Hong Kong must ensure that guns are kept out of the wrong hands
This week’s deadly shootings in a city known for its safety underline the need for the authorities to maintain a tight control of firearms
If there is one thing that weighs in Hong Kong’s favour against negatives such as housing costs when it comes to attracting talent and families, it is its reputation as a safe city, where individuals can walk the streets without fear.
It is well deserved and rests partly on the tight control of the right to own or carry firearms. But it did not prevent a shooting incident that cost two lives on Tuesday.
We accept that police, airport anti-terror personnel, currency couriers and the like carry guns for use as a last resort to maintain law and order and keep the city safe. We expect the authorities to be diligent in their vigilance to ensure that firearms do not find their way by any means into any other hands.
When a family dispute erupts in gunfire in a public place, as it allegedly did in Quarry Bay Park, it comes as an unexpected reality check, best summed up by an American resident who works at nearby Cityplaza: “I thought it was hard to obtain firearms here, unlike where I come from.”
It is indeed supposed to be hard to get guns now, decades after the police battled gangs responsible for violent armed robberies and kidnappings. Therefore, questions arise as to how anyone can come to be in possession of a gun and ammunition in a city with some of the strictest gun-control laws. An elderly couple were killed and two others injured. It may be fortunate no bystanders were hurt.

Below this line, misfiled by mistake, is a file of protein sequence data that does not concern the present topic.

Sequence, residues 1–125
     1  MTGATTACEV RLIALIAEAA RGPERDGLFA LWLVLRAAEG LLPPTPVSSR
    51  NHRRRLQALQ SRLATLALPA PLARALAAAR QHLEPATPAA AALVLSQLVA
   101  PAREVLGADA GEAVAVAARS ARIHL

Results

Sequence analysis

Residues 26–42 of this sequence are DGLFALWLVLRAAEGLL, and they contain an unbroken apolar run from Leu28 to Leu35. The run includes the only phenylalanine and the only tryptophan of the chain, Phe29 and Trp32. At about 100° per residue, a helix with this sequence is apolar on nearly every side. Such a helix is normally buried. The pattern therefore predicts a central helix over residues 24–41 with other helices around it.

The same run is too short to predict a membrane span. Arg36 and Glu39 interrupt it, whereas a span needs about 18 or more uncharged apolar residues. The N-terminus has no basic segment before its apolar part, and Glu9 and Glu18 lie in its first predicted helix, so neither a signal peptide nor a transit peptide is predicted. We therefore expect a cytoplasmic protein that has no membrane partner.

Police do not rule out the possibility that guns can be ordered online, but that still leaves the question of how they can pass the security checks of a mail or courier delivery system. One possible line of inquiry whenever a gun turns up in Hong Kong is that the weapon may have been dismantled and smuggled in piece by piece in the mail.
It is good to see that Secretary for Security John Lee Ka-chiu has asked the police to look at the smuggling of firearms into the city and see whether there are issues that need to be followed up.
Last month, Lee told lawmakers the number of cases involving smuggling by air detected by local customs authorities had nearly doubled between 2013 and last year to 7,788. Alarmingly, 70 cases last year involved firearms, ammunition and weapons.
There already exists a tough penalty of up to 14 years in jail for possession of a firearm without the permission of the police commissioner. The police should explore any potential loopholes in the gun-control system.
The importance of upholding a near-total ban cannot be overstated. This week’s incident is a reminder that the consequences of a discharge of a firearm in public, let alone among peak-hour and weekend crowds, do not bear thinking about.